Alexia Allen 4:25
So, in 2012, I fell in love with a goat at the fair, brought her and a buddy home, and started milking goats. Because, as you know, goats are alchemists. I can take the blackberry brambles off of our land, put them in the goat pen, and get milk out of it. And they’re so friendly. I tell people who come and are just amazed by my friendly goats who come when I call; they’re like, “Wow, I didn’t expect them to be this friendly.” I say it’s like having dogs but you get goat cheese, too. Like, this is fantastic! I adore these goats. And, I’ve had as many as eleven goats at a time, and now I’m down to three, which is really manageable. We get 2 gallons of milk a day, which is what I aim for for most of the year, and our landscape has transformed through feeding these goats. And our landscape has transformed for the better. I personally don’t enjoy eating blackberry leaves; the goats do. And, even though I am crazy lactose intolerant myself, I’m feeding ten people, and I love making cheese. So, the goats are capturing that solar energy that lands on the farm and turning it into delicious creamy milk. I have two Nigerian Dwarfs and one Lamancha goat. So, between the three of them, I’m cranking out cheeses all summer long.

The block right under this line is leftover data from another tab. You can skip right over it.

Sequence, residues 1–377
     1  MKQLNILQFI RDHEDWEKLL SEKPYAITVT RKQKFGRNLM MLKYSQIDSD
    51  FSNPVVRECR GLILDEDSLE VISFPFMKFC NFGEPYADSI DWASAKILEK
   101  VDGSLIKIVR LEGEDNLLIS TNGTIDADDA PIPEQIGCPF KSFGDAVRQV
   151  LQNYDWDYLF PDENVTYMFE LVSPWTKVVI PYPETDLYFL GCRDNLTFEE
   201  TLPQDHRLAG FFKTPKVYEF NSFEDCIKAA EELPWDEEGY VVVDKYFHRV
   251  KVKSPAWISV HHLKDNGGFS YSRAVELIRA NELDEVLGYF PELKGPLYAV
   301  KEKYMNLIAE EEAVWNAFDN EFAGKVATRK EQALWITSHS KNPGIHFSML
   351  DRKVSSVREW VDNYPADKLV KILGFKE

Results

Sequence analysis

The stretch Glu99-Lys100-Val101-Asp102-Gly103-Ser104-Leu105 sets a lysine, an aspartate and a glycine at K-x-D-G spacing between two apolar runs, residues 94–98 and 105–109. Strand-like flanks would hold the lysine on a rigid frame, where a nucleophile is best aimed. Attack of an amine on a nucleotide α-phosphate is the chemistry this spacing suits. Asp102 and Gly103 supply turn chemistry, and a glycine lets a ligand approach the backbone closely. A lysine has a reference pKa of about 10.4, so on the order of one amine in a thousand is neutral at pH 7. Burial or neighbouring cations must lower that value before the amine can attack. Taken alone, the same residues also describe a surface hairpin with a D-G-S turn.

Deborah Niemann 5:49
Alexia Allen 5:51
Deborah Niemann 5:51
And, because you mentioned that you’re lactose intolerant, there may be some people listening who are thinking, “Oh, I thought you could drink goat milk if you’re lactose intolerant.” So, I wanted to clarify the difference between a milk allergy and lactose intolerance. Because all mammalian milk has lactose in it. That’s just milk sugar. Like, you have to know why you have a negative reaction to cow’s milk if you can’t consume the milk in a store without discomfort. It could be that you are lactose intolerant, or you could just be allergic to the protein in the cow’s milk. And if it’s the latter then, yeah, you can totally drink goat’s milk and sheep milk and camel milk and any other milk, because your allergy is to the specific protein rather than the sugar. So, just wanted to clarify that in case anybody was wondering, because so many people just throw any kind of discomfort when consuming milk: “Must be lactose intolerance.”